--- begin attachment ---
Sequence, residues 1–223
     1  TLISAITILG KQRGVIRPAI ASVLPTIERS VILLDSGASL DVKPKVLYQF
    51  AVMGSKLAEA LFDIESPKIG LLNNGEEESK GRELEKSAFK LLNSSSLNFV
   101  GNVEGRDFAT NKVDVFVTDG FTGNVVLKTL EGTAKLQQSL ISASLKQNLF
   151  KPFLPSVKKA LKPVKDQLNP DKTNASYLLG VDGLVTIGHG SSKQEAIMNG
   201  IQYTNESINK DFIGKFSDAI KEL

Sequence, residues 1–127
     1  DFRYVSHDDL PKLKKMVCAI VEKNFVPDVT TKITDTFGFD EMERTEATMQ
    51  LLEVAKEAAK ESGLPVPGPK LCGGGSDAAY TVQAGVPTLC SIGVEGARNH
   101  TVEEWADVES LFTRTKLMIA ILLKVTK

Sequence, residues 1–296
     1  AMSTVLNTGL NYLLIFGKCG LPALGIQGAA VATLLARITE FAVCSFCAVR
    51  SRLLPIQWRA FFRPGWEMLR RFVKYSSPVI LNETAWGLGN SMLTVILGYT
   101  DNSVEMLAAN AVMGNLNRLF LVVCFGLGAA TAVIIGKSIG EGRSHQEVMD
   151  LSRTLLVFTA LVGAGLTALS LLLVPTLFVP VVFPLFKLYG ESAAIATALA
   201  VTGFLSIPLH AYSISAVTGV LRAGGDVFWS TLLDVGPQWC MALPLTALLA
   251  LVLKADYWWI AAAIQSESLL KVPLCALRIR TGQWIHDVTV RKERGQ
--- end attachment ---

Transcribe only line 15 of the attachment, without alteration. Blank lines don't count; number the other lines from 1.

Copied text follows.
   151  LSRTLLVFTA LVGAGLTALS LLLVPTLFVP VVFPLFKLYG ESAAIATALA